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34 killed in Karachi ethnic violence
Published on 30 Apr. 2009 11:06 PM IST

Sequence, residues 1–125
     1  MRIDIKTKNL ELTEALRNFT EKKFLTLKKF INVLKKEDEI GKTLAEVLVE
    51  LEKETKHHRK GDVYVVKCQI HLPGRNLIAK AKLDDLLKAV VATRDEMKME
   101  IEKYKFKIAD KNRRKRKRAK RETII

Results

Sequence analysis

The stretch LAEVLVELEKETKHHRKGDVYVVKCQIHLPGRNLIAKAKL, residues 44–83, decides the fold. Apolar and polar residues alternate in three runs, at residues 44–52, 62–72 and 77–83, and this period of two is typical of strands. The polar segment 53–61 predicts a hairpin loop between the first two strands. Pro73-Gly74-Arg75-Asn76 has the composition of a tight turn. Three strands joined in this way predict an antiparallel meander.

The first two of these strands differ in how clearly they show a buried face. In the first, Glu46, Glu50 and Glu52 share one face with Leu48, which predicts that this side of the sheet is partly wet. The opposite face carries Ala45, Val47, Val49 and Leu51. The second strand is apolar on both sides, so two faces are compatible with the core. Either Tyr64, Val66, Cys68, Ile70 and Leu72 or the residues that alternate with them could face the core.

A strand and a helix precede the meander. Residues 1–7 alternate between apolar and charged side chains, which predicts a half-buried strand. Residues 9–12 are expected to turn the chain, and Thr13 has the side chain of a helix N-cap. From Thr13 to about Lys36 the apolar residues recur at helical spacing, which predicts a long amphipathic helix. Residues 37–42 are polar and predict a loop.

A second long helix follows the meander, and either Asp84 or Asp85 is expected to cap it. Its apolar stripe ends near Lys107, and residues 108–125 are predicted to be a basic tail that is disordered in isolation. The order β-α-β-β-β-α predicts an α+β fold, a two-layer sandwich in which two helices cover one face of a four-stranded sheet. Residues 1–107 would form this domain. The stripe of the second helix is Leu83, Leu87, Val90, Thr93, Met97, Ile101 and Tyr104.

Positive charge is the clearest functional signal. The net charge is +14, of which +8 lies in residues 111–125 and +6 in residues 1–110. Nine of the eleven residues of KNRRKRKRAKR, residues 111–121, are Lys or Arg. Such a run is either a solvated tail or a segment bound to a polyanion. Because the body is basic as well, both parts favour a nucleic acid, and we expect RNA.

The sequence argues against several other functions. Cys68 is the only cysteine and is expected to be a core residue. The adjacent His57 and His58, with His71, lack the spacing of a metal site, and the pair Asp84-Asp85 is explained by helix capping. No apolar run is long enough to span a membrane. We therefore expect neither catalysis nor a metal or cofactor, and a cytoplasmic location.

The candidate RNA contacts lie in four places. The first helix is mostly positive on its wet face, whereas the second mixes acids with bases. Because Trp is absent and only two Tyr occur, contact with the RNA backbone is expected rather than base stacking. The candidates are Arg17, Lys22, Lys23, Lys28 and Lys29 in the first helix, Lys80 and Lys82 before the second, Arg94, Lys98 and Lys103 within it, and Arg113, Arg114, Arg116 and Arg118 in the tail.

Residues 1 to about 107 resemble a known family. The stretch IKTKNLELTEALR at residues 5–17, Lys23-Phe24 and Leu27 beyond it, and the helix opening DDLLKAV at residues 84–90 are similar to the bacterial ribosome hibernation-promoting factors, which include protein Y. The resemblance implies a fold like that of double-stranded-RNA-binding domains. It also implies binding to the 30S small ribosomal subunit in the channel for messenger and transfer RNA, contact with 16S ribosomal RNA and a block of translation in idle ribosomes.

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Armed ethnic clashes between Pashtun and Urdu-speaking groups have killed at least 34 people in Pakistan’s financial capital Karachi, officials said Thursday. The clashes broke out overnight in the heart of the sprawling port city of 14 million but paramilitary troops managed to restore calm later Thursday, the uneasy peace punctuated just occasionally by sporadic gunfire. The government of southern Sindh province, of which Karachi is the capital, has issued shoot-on-sight orders for “miscreants”. “The home department has issued shoot-at-sight order for the miscreants who harm the life or property of peaceful people in Karachi,” provincial interior minister Zulfiqar Mirza told a news conference. “The situation is now under control and all the major political parties have agreed to gather on one platform to maintain permanent peace,” he said. Officials at Karachi’s largest hospital confirmed 25 dead there while nine bodies were delivered to another hospital in Pakistan’s largest city, a senior police official said. Dozens of people were wounded. The clashes, separate from the fighting between the government and Islamist militants in the country’s troubled northwest, left some parts of the usually bustling city almost deserted on Thursday. Bazaars and shopping areas in the city’s western and northern neighbourhoods remained closed, all Karachi schools were ordered shut and traffic on the streets was thin. “These are targeted killings by criminals, drug and land mafias who want to fan ethnic violence in the city,” Faisal Subzwari, provincial youth affairs minister, told AFP. Fire officials said mobs had burnt down dozens of shops and restaurants. Tensions between the Urdu-speaking Muttahida Qaumi Movement (MQM) -- a partner in the national government -- and Pashtuns from northwest Pakistan who have flocked to Karachi looking for jobs are traditionally a source of unrest. MQM and the Pashtun nationalist Awami National Party (ANP) both sit in the coalition government in Sindh province, and leaders in both groups blamed unknown “miscreants” for the fighting rather than each other. But relations between their two communities are becoming increasingly tense. MQM members have criticised the Pashtuns for making the traditionally liberal city more and more conservative -- pointing to an alleged “Talibanisation”. ANP denies the allegations and accuses Karachi mafia of land grabbing in the city’s wealthy real estate resources. Youth affairs minister Subzwari, a member of the MQM, said three of those killed in the violence belonged to his party. A spokesman for President Asif Ali Zardari said the head of state strongly condemned the violence and called for unity. “The president said that the nation could not afford violence in Karachi at a time when it was already dealing with the militants in northern parts of the country,” spokesman Farhatullah Babar said. Pakistan is locked in fierce fighting in the northwest in a bid to flush out Taliban rebels and prevent them gaining ground in the troubled country. “We will foil the designs of those who want to exploit the situation by creating and promoting political and ethnic difference,” Babar said. A spokesman for the Pakistan Rangers paramilitary force said they had arrested 25 suspects, and confiscated weapons and ammunition. Mirza said the ANP and MQM agreed at a Thursday meeting not to extend political backing to criminals. “All the parties have agreed that those arrested red-handed will be dealt with as criminals and no political group will support them,” he said. In December last year 24 people were killed and more than 200 injured in incidents blamed on activists from the MQM and ANP.

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